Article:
Monday, 15 December 2008

The Fed Secrets

The Federal Reserve bank of the United States is, in theory the biggest bank in the world, since it is the central bank of the biggest economy in the world. This bank, currently chaired by Ben Bernanke, monitors the economic activity of the USA, and is supposedly the regulating body of the markets. Although, this sometimes can be challenged, and the Fed is not exactly a good samaritan.

Before I dive into why that is, there is something important to mention, which was brought to my attention by my former professor, Ian Angell, in his book "The New Barbarian Manifesto".

Rating Agencies.

Rating agencies such as Moody's and S&P , are agencies that rate credit. This is important because it allows investors to assess whether a certain institution is likely to default on its debts. It is of particular importance in tough times, because its a good indicator for investors. The weird thing about these times, is that rating agencies seem to have acquired considerable power influence, because they also rate treasury bonds. You know the AA, AAA, B ratings etc... But the trick here is that when Moody's rate treasury bonds, its as if its rating a country, whether the country/government will default on its treasury bonds. Now that's like a private institution rating a country. Well, in retrospect, can't that pass as to be such a powerful institution that it can affect how governments are perceived by the internation community? That's quite a thing...

Anyway, the reason the Fed isn't exactly a good Samaritan, is for example, they do tend to keep secrets, like who they are giving aid to. Check this . The issue about this is that when a Central bank doesn't reveal who it is dishing out aid to, its affecting the transperancy of markets, as well as their operation, because when a company needs aid, its really an indicator that they are in trouble, and when someone is in trouble its usually reflected on the stock price, and investor confidence, and may dilude investors into investing in a dying company.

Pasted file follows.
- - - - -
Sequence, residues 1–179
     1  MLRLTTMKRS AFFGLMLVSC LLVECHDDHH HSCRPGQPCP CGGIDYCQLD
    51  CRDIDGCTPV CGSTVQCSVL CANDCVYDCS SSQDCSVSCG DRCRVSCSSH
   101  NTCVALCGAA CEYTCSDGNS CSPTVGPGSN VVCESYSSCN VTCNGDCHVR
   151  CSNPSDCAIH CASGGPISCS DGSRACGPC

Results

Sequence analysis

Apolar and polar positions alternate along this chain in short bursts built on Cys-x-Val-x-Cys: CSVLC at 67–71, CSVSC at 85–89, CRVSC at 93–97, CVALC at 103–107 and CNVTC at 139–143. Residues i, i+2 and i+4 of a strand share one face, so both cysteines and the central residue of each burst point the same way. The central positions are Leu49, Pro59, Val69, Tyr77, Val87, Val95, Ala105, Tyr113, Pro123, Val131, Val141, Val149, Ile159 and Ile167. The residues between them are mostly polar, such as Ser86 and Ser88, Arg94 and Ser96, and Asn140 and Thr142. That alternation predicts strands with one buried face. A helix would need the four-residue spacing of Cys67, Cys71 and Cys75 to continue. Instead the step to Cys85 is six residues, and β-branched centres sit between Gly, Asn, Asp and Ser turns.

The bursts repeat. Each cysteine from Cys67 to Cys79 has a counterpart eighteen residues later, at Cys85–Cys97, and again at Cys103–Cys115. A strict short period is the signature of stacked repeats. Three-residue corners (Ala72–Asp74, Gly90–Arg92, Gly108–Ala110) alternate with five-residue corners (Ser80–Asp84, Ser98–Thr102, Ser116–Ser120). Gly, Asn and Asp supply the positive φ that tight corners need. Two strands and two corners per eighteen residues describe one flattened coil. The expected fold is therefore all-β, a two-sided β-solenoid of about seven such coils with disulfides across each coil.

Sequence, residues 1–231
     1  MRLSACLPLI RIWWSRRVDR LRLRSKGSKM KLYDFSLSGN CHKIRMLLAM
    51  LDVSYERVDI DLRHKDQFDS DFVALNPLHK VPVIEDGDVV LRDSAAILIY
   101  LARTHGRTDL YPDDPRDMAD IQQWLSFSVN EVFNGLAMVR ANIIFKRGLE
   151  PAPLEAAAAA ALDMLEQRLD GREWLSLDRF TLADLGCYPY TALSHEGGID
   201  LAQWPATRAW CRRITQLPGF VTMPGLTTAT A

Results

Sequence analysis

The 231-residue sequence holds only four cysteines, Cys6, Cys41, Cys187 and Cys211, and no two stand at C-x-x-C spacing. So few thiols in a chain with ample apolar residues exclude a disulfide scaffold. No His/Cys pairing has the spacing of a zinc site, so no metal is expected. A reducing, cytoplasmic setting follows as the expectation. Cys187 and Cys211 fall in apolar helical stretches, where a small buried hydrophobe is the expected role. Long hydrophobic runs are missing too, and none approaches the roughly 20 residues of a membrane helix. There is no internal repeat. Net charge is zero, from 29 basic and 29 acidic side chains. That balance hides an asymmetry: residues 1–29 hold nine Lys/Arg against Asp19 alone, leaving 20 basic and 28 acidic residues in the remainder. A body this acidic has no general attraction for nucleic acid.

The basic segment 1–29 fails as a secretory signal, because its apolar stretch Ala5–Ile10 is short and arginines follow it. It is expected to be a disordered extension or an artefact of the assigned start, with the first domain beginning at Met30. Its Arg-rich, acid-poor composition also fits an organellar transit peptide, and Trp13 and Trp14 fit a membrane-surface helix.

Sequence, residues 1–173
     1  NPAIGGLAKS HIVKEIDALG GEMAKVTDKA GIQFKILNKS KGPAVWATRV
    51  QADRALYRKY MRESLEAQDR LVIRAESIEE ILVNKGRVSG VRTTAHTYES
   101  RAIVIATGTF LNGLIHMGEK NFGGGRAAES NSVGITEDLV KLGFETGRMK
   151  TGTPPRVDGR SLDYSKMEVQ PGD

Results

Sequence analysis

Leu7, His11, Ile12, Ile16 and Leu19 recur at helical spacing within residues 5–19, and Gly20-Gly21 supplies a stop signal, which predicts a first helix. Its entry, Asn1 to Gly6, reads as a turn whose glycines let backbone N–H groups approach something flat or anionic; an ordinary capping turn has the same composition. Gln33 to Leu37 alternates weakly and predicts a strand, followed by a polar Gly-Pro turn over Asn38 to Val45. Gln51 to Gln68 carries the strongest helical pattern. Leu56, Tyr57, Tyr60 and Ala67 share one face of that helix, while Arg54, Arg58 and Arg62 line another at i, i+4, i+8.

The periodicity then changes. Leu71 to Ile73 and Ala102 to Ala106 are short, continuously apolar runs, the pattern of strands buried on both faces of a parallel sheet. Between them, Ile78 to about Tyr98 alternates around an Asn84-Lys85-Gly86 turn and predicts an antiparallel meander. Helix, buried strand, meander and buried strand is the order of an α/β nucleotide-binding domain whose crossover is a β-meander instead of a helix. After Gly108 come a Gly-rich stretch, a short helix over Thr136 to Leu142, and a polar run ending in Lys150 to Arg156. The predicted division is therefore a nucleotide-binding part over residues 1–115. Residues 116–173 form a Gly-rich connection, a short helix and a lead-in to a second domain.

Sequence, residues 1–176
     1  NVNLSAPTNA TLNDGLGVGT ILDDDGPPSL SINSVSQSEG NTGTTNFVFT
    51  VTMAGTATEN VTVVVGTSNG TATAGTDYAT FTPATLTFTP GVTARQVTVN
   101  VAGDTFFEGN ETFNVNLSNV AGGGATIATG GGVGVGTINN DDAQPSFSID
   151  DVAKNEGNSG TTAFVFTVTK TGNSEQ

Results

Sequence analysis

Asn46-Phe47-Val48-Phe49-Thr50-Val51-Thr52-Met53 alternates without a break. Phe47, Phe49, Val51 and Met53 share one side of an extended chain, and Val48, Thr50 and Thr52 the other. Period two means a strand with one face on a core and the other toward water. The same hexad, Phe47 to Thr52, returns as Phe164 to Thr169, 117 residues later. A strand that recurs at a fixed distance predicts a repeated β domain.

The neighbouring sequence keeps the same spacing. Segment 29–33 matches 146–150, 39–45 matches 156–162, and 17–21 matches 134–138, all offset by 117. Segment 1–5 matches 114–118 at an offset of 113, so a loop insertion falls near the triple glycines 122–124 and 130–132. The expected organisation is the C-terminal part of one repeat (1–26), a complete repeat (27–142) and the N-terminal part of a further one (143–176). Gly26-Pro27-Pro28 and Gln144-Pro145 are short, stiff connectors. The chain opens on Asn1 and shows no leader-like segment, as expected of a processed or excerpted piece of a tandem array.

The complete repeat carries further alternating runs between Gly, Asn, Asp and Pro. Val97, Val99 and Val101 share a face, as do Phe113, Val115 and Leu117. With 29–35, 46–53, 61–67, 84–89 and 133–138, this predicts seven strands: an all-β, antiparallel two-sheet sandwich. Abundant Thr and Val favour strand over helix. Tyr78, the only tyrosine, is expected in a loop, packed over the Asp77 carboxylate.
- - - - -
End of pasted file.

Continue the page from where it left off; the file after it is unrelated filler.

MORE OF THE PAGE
Which is unfair.

But a small story, is that the Fed often has favoritism, and we all know that the world is not really fair (haha that's a laugh), and people often favor people.

At least Bear Stearns know that. There is something called a discount window, which allows banks to take money from the Federal Reserve with a reduced interest rate, to service debts for a short period to avoid a liquidity problem. This is open for commercial banks, because commercial banks, although technically less active on the lending and investment scence for business, are crucial because they hold the people's money : savings, running accounts, etc., and if any of the commercial banks go into liquidity or financial troubles this can mean big trouble on an individual scale, because this doesn't mean that business will be affected, but directly the individuals, and not one or two, but thousands, if not millions. Imagine if Bank of America went bust, and all its customers lost their money, or part of it. That means riots, toppling of governments, demonstrations, big big trouble because that's going directly to the people. If an i-bank goes bust, the government can still somewhat handle the bankcruptcy without huge trouble, because hardly anyone will be instantly fucked. i.e. investors and business will probably go bust and employees fired, but imagine if 100,000 people no longer could afford to eat the next day, because their bank accounts were cleaned out. Lots of trouble.

Anyway, the discount window was , exceptionally open to investment banks, because the crisis was so grave, they just had to do it. Although, because of an old quarrel, and the reputation of Bear Stearns being the sharp elbowed rebels of Wall Street, the Fed only opened the discount window for the i-banks, after Bear Stearns (or stare burns like my friend now calls it), was already finished, and could not benefit from the discount window.....

Goldman Sachs and Morgan Stanley, were more lucky than that, and managed to benefit from this move, although, this came at a pretty high cost, because the Fed forced them to convert into retail banks. This move, brings them within a realm of more strict regulation and less freedom in investment and sell-side activities.

At least the Bear guys would never have to say "Hi, and thank you for calling Goldman Sachs. How can I help you today? Would you like to hear about our new mortgage deal?"

hehe. Live free or die fighting.....

MS retail bank

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